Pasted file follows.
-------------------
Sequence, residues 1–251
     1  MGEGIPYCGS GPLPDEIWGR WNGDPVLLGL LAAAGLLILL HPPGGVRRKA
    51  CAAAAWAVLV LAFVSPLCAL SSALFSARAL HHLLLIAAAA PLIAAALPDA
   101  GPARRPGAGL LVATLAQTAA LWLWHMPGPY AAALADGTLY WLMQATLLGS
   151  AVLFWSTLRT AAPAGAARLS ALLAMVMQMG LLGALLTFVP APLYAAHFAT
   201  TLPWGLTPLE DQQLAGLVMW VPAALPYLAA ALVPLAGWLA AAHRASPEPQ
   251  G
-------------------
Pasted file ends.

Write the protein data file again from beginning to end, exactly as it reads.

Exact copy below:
Sequence, residues 1–251
     1  MGEGIPYCGS GPLPDEIWGR WNGDPVLLGL LAAAGLLILL HPPGGVRRKA
    51  CAAAAWAVLV LAFVSPLCAL SSALFSARAL HHLLLIAAAA PLIAAALPDA
   101  GPARRPGAGL LVATLAQTAA LWLWHMPGPY AAALADGTLY WLMQATLLGS
   151  AVLFWSTLRT AAPAGAARLS ALLAMVMQMG LLGALLTFVP APLYAAHFAT
   201  TLPWGLTPLE DQQLAGLVMW VPAALPYLAA ALVPLAGWLA AAHRASPEPQ
   251  G